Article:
Aftermarket

Rush's Third Quarter Impacted By Weak Sales Market

October 22, 2009

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The third quarter results of commercial vehicle dealer Rush Enterprises were impacted by the continued weakness in aftermarket parts and trucks sales
. The company reported gross revenues of $302.4 million, down 26.9 percent from the year-ago's $413.7 million.

During the quarter, the company's income was $3 million, or 8 cents per share, versus $8 million, or 21 cents a share, in the third quarter of 2008.

"This truck market downturn is the toughest and longest that I have experienced in 45 years in the truck dealership business," said W. Marvin Rush, chairman of Rush Enterprises. "The third quarter provided no relief from depressed truck and aftermarket sales markets."

Within its truck segment, revenues were reduced to $289.8 million, compared to $392.5 million in the third quarter of 2008. The company delivered 1,030 new heavy-duty trucks, 637 new medium-duty trucks and 760 used trucks during the third quarter of 2009, versus 1,350 new heavy-duty trucks, 919 new medium-duty trucks and 936 used trucks in the year-ago quarter. However, the company was hopeful, as its truck deliveries improved over the second quarter.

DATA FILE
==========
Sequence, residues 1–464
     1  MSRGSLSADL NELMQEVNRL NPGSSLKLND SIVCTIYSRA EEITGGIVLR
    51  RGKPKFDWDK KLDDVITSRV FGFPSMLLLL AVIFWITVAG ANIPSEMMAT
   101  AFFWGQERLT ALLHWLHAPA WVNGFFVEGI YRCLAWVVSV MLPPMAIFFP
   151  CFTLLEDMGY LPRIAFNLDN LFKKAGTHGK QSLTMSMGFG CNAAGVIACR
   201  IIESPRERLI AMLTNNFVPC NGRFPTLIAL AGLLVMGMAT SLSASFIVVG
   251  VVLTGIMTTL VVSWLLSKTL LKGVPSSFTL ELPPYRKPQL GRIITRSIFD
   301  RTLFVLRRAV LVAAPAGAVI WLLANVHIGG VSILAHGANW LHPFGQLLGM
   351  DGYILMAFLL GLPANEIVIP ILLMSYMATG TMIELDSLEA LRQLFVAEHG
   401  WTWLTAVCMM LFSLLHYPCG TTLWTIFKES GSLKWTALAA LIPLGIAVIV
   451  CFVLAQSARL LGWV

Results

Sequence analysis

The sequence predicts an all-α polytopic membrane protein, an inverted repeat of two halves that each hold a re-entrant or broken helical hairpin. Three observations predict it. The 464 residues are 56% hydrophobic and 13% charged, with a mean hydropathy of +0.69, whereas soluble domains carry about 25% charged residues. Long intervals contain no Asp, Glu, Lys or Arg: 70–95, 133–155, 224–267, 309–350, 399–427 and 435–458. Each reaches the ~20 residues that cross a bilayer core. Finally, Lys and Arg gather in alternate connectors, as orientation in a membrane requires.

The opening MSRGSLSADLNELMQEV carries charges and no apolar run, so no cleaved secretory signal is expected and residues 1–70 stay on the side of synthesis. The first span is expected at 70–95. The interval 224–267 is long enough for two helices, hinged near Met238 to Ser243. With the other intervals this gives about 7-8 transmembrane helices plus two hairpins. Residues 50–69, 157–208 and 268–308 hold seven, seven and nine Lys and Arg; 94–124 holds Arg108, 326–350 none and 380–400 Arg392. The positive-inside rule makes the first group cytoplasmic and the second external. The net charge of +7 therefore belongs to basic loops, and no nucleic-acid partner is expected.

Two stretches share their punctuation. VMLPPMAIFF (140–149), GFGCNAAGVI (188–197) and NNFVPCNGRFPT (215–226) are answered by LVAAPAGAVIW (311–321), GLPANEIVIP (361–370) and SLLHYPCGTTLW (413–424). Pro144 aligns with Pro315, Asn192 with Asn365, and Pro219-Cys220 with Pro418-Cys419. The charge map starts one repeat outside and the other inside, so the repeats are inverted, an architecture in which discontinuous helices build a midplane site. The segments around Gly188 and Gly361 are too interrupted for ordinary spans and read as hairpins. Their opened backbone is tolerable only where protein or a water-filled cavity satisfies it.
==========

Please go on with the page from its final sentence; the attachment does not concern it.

"Rush Class 8 truck deliveries increased this quarter over the second quarter of 2009 as several large fleet customers took delivery of trucks," said W. M. "Rusty" Rush, president and CEO of Rush Enterprises. "This helped mitigate the effect of continued depressed U.S. Class 8 retail truck sales, which were down 33 percent over the third quarter of 2008, while Rush truck sales were down only 24 percent for the same time period."

Sales revenue for parts, service and body was $96.0 million, down from $116.3 million in the third quarter of 2008.

"We do not, however, anticipate a significant truck pre-buy to occur in the fourth quarter of this year as lingering depressed conditions in the overall economy and tight credit continue to negatively impact freight movement, causing continued excess capacity and depressed trade values. These factors have forced both vocational and fleet buyers to lengthen their replacement cycles beyond historical norms, most likely extending any substantial upturn in new truck purchases well into the second half of 2010," said Rusty Rush.

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